inflection

    Simplest example of a non-Christian I can think of for a case like this would be a Hindu clerk who refused a license to two American citizens of Indian descent based on the grounds that they were different caste — still a serious consideration among conservative Hindus. (The marriage-arrangement ads in desi papers, my gosh.)

  14. 14
    marymallone

    I’m just musing here, but I wonder if there is overlap between the group opposed to “creeping Sharia law” and the group advocating so-called “religious freedom” that is actually the insertion of religious morals or concepts into the state (or, in other words, “religious freedom” that blurs the church-state separation). If there is overlap, I wonder if that group is at all aware of the potential consequences of the precedent set by their religious crusades. That is, I wonder if the aforementioned “overlap” group is aware that by working to enable their religion to be inserted into state activities (okay, not the best term, but I mean government jobs, government functions, etc.) they are making it easier for that super-scarry Sharia law to wiggle (or creep) its way in.*

    *I think the fear of Sharia law is extremely paranoid, so I’m not advocating it here or suggesting that FOTF’s behaviour will make it easier. If we’re operating under the assumption that Sharia law is an actual threat (heh), however, then FOTF’s behaviour is actually helping the threat, and I wonder if people who fall under both the category of “Christian religious ideology should be part of the state” and “Sharia law is going to ruin our American Way of Life” realize that.

  15. 15
    Sadie Morrison

    I think it’s more that FOTF thinks that the government should discriminate based on characteristics that are, to non-conservatives, irrelevant. Once this attitude is in place, they simply try to warp reality to conform to their mindset.

  16. 16
    doktorzoom

    Oh, hey, I just started temping at the frond desk for my county’s divorce court. I think that, as a matter of principle, I’m going to start refusing to help any Christians with their divorce paperwork, since divorce is not allowed by the bible.

  17. 17
    marymallone

    doktorzoom, I volunteer in Family Court; maybe I could copy your example and start refusing to help any unmarried individuals who are dealing with child support or custody issues, as premarital sex is a sin. Except that I would expect to get fired (from a volunteer position, no less), because my place is to do my job and help things run smoothly, not to obstruct court business by inserting my own arbitrarily applied system of values.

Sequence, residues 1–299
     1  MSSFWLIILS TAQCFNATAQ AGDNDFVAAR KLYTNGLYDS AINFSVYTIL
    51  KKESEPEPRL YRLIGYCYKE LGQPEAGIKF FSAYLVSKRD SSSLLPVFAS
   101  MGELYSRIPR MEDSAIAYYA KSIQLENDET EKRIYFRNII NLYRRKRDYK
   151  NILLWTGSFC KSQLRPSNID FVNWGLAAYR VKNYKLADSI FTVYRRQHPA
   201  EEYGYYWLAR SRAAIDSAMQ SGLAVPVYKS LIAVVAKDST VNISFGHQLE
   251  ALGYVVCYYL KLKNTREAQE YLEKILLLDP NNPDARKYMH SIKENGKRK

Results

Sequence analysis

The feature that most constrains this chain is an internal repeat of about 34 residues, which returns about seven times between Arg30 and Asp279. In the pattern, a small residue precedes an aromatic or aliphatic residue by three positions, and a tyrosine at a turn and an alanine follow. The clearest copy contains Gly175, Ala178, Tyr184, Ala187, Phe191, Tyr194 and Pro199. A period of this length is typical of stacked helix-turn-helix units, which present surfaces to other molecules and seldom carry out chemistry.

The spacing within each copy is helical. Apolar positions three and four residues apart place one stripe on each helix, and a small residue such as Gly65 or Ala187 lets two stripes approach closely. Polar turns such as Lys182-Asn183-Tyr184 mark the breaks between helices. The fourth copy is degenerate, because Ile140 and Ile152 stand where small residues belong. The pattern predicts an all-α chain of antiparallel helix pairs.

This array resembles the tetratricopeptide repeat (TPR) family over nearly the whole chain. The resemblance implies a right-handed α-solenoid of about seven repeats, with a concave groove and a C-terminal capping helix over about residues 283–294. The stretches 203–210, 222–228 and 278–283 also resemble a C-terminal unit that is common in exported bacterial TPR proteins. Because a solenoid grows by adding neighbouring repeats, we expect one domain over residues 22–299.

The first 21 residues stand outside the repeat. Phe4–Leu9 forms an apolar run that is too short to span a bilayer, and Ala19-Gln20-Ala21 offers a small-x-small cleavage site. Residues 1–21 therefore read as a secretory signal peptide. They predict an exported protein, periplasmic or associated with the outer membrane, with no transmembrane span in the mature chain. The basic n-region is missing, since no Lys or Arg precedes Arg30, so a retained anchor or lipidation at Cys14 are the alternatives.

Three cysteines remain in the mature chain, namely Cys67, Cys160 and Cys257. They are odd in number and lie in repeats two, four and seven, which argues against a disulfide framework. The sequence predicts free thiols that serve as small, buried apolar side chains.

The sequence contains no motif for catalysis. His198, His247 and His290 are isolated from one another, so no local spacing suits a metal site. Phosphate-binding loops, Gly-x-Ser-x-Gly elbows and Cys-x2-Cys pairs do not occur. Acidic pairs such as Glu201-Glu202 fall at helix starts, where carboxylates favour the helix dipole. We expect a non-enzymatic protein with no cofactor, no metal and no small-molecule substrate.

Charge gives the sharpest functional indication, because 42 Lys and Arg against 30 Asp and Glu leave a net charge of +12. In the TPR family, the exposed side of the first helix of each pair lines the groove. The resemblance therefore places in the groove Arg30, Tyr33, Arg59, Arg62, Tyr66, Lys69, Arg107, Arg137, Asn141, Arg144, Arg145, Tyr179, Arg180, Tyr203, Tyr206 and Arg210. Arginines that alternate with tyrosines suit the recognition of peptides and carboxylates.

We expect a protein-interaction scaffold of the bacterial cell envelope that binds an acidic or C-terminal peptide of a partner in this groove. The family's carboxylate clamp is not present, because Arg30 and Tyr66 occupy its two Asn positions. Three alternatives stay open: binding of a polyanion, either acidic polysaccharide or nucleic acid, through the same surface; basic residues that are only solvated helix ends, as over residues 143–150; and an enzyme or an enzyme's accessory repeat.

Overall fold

18. 18
    Azkyroth Drinked the Grammar Too :)

    I wonder if people who fall under both the category of “Christian religious ideology should be part of the state” and “Sharia law is going to ruin our American Way of Life” realize that.

    These folks ain’t in the business of realizin’.

  19. 19
    Beth

    I have some sympathy for the clerk, though I don’t share his attitude towards gay marriage. It is an emotionally charged issue and just because the law changed, we can’t expect everyone’s feelings to instantly switch. That takes time.

    I think it’s reasonable to attempt to find some other working arrangement be made for the individual. From his/her point of view, they are suddenly being required to do something they find morally objectionable and they hadn’t agree to do that thing before taking their position. But the clerk must ensure the service is provided by their office as required by law, or resign/be fired.

  20. 20
    ebohlman

    boopsey: The problem is that, in signing an application for a marriage license, a city clerk isn’t expressing his personal approval of the marriage; he is simply certifying that the couple meets the state’s legal requirements for marriage and their paperwork is in order. Neither determination is even remotely a matter of personal belief. The situation is no different from a math teacher grading a gay high school student’s algebra test; the teacher is supposed to base the grade on the quality of the student’s work, not on her judgment regarding the personal qualities of the student. If he gets all the problems right, the teacher is obligated to give him 100% even if she disapproves of his “lifestyle”.

  21. 21
    Michael Heath

    boopsey:

    I think it’s reasonable to attempt to find some other working arrangement be made for the individual. From his/her point of view, they are suddenly being required to do something they find morally objectionable and they hadn’t agree to do that thing before taking their position.

    I suggest replacing this scenario with other examples of bigotry to test your position. Using ebohlman’s example, would you support a white teacher being reassigned to another classroom if black students were in their next classroom assignment where they couldn’t stomach grading those black students fairly? If not, how is this different? How about if she were working in the late-1960s and the state expanded the issue of marriage licenses to couples of mixed races? Would you reassign the bigot who couldn’t stomach issuing a certificate to a white man and black woman, or even worse (shudder), a black man and a white woman?

    In this case and my examples we have a bigot who expects her employer to accommodate her bigotry rather than carry out the duties delegated to that government authority by the people of the state, she is the government after all. I see no reason to accommodate this bigot and a good reason to fire them.